Today I thought I’d share a story from my childhood that has always stayed with me: The Little Drummer Boy of Richmond. I can’t remember when I first heard this story, but like all the best stories it became a part of me without me even realising.
Are you sitting comfortably? Good, then I will begin.
This story takes place in a place called Richmond. Richmond had a proud history, founded in 1071 by Alan Rufus, a member of the Norman invasion led by William the Conqueror. It nestled into the North Yorkshire hills and everyone agreed that was one of the prettiest towns they have ever seen.
Local legend had it that an ancient tunnel linked Richmond’s castle with Easby Abbey, built in 1300s by the ‘white cannons’. No one really believed the old stories until one day soldiers from a garrison stationed at Richmond stumbled across the entrance to a tunnel, deep in the earth beneath the castle. The entrance was too small for a grown man to fit through.
At that time, all army regiments had a small boy to be their drummer, beating them into battle and beating out instructions hidden within the drum rolls. The soldiers called out to their drummer boy and asked him if he would go down into the tunnel to see if it led to the abbey as legend foretold. This little drummer boy was very brave and agreed to go into the tunnel. The soldiers gave him food and they agreed that he would drum as he made his way underground and the soldiers would follow his drum beats above ground.
The little drummer boy set off. He drummed steadily as he followed the tunnel and the soldiers followed his drum beats above ground. Those subterranean drum beats rang out through the earth and shook the souls of everyone who heard them. The soldiers were afraid for their little drummer boy. The drum beats continued and the tunnel was indeed heading towards Easby Abbey. However, after three miles, the drumming stopped. The soldiers never saw their little drummer boy again and put a monument to him where the drumming stopped which can still be seen today in Easby Woods.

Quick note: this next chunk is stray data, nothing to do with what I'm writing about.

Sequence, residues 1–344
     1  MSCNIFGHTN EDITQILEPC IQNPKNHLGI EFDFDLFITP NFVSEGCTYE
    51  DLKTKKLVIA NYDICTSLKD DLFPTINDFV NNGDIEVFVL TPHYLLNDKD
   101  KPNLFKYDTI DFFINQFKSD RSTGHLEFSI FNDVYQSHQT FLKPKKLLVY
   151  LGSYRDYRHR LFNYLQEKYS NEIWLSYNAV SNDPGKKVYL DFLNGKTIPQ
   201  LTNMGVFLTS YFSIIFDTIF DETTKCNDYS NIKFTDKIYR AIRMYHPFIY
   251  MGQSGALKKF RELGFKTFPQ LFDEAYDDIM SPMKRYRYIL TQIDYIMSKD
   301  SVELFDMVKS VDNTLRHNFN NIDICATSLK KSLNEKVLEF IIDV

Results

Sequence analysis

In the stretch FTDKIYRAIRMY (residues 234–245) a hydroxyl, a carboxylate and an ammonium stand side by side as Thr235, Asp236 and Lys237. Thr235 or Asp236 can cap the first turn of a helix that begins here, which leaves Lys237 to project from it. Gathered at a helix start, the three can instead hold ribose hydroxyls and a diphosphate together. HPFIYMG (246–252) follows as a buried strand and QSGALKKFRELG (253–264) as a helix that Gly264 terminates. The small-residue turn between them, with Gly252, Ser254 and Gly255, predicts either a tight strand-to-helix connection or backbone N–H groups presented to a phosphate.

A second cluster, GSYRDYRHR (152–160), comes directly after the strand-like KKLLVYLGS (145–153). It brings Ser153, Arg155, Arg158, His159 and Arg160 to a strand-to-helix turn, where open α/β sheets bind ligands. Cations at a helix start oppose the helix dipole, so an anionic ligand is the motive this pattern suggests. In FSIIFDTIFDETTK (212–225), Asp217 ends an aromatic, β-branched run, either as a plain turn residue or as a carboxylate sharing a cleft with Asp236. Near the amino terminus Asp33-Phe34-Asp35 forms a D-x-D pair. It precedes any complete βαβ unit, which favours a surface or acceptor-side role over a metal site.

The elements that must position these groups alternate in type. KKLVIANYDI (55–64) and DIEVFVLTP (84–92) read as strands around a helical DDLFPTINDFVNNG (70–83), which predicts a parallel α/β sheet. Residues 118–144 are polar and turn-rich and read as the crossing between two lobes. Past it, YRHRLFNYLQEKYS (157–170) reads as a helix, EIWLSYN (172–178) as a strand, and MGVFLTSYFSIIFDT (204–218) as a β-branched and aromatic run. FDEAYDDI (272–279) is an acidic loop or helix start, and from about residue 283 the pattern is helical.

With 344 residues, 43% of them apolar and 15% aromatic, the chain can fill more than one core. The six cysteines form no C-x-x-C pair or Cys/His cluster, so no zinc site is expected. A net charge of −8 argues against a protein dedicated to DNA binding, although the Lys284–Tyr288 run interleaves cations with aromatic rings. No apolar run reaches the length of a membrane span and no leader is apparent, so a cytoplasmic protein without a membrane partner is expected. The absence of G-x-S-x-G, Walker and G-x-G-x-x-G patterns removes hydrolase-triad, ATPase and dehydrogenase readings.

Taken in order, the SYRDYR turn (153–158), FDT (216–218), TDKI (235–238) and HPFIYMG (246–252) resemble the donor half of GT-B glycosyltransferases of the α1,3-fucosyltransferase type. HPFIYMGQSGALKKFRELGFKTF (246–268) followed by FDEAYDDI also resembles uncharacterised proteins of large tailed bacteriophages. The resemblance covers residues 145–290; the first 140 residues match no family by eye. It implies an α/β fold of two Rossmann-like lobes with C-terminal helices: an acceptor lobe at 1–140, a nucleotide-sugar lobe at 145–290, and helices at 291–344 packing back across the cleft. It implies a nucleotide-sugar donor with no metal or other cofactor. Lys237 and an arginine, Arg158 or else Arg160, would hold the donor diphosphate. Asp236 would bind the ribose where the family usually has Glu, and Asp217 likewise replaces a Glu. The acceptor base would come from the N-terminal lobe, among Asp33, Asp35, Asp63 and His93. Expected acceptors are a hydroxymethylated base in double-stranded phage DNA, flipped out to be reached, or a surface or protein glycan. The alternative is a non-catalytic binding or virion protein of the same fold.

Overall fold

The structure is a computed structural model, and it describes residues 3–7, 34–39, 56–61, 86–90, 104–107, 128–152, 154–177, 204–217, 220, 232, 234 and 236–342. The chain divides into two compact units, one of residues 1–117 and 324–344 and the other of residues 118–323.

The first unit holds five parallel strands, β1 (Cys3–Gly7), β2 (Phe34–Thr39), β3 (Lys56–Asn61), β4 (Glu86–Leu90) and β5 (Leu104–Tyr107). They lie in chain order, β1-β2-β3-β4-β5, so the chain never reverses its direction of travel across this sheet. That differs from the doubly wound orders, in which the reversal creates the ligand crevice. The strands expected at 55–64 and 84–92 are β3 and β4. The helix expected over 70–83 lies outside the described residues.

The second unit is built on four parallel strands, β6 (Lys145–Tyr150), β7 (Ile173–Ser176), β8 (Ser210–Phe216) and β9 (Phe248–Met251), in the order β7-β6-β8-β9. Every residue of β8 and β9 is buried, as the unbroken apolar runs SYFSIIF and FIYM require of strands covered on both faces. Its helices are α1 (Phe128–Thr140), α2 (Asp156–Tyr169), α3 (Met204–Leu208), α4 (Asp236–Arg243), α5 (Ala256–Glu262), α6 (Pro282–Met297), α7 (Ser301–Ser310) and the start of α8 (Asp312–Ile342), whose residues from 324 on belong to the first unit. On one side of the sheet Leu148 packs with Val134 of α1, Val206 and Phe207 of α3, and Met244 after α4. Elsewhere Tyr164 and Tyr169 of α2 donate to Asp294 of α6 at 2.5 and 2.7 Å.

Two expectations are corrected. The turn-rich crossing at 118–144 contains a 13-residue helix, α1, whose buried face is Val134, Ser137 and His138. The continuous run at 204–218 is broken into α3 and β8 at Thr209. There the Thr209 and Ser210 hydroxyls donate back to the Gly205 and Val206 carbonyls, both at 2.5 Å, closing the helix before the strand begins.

But what really happened to the little drummer boy deep underground? Some say his drumming stopped as his torch lit up a great cavern underground full with sleeping knights. One of the knights had awoken at the sound of the little boy’s drum and he raised his hand. ‘Has the hour of England’s greatest need come?’ he asked the little drummer boy. ‘No,’ the boy replied. ‘It is not the time to wake King Arthur then,’ the Knight said and sat back down to return to his slumbers. Before he fell asleep again, he invited the little drummer boy to join them in their sleep. The little drummer boy had heard the great stories of King Arthur and his Knights. As he was a brave boy himself, he decided to join them, ready to defend his home if the dark days ever came. He lay his drum down and joined the Knights asleep under the earth.
It is said that even today, on a cold clear day, local people hear the faint echoes of drum beats in the Earth. The little drummer boy does not want to be forgotten.
I hope you enjoyed that story. I think once in a while a story captures your imagination so much that it becomes part of you – do you have stories like that?